A Better Way with Bacon: a Meditation on Creative Synthesis

Bacon is one of my favorite foods, even if it shares its name with a second-rate philosopher. For years I made bacon the old-fashioned way in a skillet on the range-top. The results were delicious—nice crispy bacon with tons of flavor—but the time it took to pan-fry a thick-cut strip (a package can easily take ½ hour) and the subsequent cleanup were serious impediments (greasy pan and backsplash) to making this tasty treat. So coveting the sweet delicious taste without the mess, I recently went in search of a better way with bacon.

I first made the mistake of reading a “click-bait” bacon article on Yahoo! that insisted the best way with bacon was in a hot oven with bacon strips laid across a rack set inside a lipped cookie sheet. The results were disastrous. The bacon was not carmelized (insufficient Maillard reaction) and the cookie sheet contained a disgusting pool of grease—not to mention that cleaning a greasy cooling rack is no fun.

Then I began to think about the “tricks” I already knew. For years, whenever I craved a homemade BLT, I have turned to the trusty microwave. On a plate lined with paper towels, I microwaved a few slices of bacon that I also covered with paper towels. My three girls have all turned about to be bacon lovers, so I’ve increasingly used this method to make a quick treat for them. Your bacon cooks quickly with acceptable results, but I still don’t consider microwave bacon to be the equal of stove-top. The cleanup is easier, since most of the grease collects in the paper towels, but the bacon can dry out, and I miss the browning and flavor of the stove-top method.

I was still mulling over my bacon quandary when my wife reminded me that we were having a special a breakfast-for-dinner night. In our family we have pancakes for dinner on Shrove Tuesday (i.e. Mardi Gras). My wife was in charge of the pancakes and I, as usual, was on bacon duty. But instead of opting for either the stove-top or the microwave, I took a moment to consider. What was I really after? Taste? Texture? Less mess? All of the above. Could I come up with a way to achieve all of that?

And then I had a sudden realization: what if I par-baked the bacon in the microwave and then transferred it to the hot skillet? I recently had followed my wife’s instructions for baked potatoes. “After scrubbing them, microwave them for five minutes and then put them in the oven. They’ll cook much faster,” she told me over the phone. Why not adopt that same approach for bacon? I set my microwave to one minute per strip (thick-cut) on high—enough to render much of the fat but not completely bake my favorite meat candy. Then I moved the bacon to the skillet and finished the bacon in just a few minutes. The results were very close to baking exclusively on the stove-top. The bacon was crispy and brown but not dried out. I had found a better way with bacon! I was the hero of Shrove Tuesday. Just ask my kids.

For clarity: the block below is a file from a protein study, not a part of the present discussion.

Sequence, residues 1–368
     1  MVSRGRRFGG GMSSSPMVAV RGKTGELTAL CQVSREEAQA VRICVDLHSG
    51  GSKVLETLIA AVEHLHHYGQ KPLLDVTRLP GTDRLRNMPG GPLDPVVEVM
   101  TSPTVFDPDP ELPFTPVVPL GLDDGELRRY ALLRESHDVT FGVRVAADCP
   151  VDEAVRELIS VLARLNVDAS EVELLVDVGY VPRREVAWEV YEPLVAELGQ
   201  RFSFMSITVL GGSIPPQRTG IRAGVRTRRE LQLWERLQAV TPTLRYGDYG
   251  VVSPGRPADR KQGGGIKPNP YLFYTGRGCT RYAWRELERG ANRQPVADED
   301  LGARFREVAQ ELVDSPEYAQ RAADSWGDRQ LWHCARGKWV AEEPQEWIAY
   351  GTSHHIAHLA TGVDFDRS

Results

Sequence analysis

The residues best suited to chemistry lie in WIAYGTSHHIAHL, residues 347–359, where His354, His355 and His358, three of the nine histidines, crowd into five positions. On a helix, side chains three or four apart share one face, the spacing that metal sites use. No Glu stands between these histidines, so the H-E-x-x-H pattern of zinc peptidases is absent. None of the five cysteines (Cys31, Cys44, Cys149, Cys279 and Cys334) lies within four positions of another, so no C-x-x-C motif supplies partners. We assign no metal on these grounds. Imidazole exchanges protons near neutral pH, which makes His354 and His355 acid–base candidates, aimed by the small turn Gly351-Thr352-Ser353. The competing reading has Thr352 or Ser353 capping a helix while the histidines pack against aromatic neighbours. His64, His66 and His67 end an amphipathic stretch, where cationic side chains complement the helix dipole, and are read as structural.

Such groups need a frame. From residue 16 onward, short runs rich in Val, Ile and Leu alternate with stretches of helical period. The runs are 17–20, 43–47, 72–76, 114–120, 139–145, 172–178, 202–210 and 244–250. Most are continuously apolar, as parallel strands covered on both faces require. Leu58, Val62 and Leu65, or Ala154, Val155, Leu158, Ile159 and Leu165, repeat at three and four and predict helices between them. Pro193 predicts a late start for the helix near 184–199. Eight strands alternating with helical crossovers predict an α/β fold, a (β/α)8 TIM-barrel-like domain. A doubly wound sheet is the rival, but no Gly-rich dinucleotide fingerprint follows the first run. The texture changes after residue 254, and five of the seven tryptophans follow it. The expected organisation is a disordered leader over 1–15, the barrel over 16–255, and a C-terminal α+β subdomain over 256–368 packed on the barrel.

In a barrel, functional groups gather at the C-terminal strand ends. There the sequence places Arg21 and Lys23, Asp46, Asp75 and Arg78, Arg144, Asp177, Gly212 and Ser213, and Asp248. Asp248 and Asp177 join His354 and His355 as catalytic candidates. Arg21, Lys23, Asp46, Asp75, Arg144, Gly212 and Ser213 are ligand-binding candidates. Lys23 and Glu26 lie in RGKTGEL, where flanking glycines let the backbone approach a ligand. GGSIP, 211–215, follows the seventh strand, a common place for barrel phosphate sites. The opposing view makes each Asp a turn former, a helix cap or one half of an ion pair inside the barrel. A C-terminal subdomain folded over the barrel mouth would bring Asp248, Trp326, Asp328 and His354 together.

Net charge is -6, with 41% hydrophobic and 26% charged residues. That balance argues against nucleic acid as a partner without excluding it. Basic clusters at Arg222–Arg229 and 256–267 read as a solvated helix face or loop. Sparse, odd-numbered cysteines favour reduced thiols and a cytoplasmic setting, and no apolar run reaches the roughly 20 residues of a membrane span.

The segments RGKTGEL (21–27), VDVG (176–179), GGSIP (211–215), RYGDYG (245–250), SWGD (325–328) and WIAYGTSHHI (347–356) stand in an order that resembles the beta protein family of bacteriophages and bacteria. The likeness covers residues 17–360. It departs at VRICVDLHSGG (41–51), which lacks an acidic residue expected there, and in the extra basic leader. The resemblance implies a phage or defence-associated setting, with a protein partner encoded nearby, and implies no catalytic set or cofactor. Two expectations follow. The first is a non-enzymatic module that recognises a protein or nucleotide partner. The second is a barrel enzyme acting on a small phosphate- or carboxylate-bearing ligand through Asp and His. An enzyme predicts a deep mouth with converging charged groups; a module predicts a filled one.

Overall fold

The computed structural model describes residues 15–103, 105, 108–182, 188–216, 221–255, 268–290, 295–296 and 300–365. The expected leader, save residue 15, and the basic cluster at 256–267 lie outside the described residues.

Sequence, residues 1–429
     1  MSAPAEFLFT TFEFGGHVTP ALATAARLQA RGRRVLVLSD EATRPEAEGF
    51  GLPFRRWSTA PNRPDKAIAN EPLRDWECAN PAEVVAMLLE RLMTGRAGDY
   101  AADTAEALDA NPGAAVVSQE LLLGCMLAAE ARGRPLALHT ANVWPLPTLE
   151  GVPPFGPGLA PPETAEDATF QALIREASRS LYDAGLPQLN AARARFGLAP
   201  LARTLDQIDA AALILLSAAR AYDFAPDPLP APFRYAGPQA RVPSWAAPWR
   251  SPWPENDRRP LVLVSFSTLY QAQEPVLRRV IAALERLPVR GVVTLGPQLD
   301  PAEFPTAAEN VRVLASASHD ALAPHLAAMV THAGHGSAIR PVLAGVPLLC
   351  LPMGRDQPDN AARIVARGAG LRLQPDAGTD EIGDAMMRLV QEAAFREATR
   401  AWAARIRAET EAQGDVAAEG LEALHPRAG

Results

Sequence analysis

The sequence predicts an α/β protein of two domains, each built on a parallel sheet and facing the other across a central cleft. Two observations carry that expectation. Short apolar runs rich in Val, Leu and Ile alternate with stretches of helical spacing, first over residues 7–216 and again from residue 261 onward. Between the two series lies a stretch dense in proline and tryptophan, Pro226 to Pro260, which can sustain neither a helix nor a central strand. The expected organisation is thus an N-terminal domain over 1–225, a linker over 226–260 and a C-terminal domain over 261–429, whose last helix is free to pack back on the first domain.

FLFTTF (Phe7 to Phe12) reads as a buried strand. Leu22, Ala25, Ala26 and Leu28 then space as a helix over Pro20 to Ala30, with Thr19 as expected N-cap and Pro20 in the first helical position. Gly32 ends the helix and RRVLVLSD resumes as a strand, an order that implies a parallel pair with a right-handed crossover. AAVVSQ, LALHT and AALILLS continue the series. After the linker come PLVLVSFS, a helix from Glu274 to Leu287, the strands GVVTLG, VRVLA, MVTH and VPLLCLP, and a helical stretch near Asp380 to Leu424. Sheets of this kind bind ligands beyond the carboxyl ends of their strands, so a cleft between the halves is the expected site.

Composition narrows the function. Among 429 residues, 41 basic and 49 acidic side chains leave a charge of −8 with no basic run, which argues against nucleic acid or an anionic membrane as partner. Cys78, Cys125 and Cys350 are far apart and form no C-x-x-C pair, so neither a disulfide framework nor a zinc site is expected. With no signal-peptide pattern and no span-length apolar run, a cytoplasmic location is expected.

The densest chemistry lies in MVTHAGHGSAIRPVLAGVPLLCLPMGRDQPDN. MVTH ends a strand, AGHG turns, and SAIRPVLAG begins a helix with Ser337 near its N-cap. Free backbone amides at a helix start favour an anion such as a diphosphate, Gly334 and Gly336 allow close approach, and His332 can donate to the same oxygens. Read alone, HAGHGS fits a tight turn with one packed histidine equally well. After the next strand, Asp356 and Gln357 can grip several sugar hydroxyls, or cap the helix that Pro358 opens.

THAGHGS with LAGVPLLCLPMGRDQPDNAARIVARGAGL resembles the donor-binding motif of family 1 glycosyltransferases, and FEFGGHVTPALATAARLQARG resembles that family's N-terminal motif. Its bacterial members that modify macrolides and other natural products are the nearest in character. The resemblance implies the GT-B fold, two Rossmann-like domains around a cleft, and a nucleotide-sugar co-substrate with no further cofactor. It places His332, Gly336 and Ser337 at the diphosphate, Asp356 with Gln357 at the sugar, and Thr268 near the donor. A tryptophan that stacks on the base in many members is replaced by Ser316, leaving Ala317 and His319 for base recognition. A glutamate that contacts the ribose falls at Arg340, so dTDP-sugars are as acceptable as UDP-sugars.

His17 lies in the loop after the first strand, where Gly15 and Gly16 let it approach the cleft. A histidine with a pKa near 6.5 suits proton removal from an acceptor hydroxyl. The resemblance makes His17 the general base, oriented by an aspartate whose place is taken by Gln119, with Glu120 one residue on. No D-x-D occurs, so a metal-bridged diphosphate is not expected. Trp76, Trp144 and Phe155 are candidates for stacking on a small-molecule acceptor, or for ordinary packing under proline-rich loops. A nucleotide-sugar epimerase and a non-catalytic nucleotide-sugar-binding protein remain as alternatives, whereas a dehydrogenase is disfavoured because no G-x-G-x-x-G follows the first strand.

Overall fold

As I thought over my better way of making bacon, I realized that—trivial as it may be—this episode illustrates an important truth about human creative endeavors. Most good ideas, like my serendipitous Shrove Tuesday bacon discovery, are the result of combining vectors of previous thoughts. We can labor fruitlessly to come up with some grand new idea, but often the “new” idea is no more than a creative synthesis of two existing ideas.

As a professor, I am always looking for ways to explain abstract concepts to my students. I notice that students—and their professors for that matter—often struggle to find “original” arguments for their scholarly work. I hope that this tasty illustration will help my students understand one of the ways that truly insightful original scholarship can come about. I plan to use my bacon discovery to show them that while research is necessary and useful, you might not need to slog through hundreds of pages of dry, boring academic prose. Instead, you might just need to bring together ideas that have not been previously synthesized. This creative synthesis is sometimes slow to mature but it is always intrinsically rewarding once achieved. Especially if it involves bacon.

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